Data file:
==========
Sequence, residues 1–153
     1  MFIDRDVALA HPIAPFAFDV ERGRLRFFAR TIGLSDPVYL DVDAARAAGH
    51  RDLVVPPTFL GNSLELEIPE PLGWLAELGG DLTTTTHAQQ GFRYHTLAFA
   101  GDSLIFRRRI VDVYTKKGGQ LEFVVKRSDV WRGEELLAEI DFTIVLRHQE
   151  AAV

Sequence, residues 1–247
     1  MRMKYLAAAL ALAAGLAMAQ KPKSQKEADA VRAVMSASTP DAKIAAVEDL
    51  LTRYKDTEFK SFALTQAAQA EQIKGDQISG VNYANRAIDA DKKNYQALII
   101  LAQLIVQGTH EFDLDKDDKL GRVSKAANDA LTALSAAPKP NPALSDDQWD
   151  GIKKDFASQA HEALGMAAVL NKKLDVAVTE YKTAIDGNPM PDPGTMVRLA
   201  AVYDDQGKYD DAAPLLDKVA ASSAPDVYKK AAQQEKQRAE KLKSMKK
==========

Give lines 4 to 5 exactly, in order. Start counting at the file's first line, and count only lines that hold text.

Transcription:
   101  GDSLIFRRRI VDVYTKKGGQ LEFVVKRSDV WRGEELLAEI DFTIVLRHQE
   151  AAV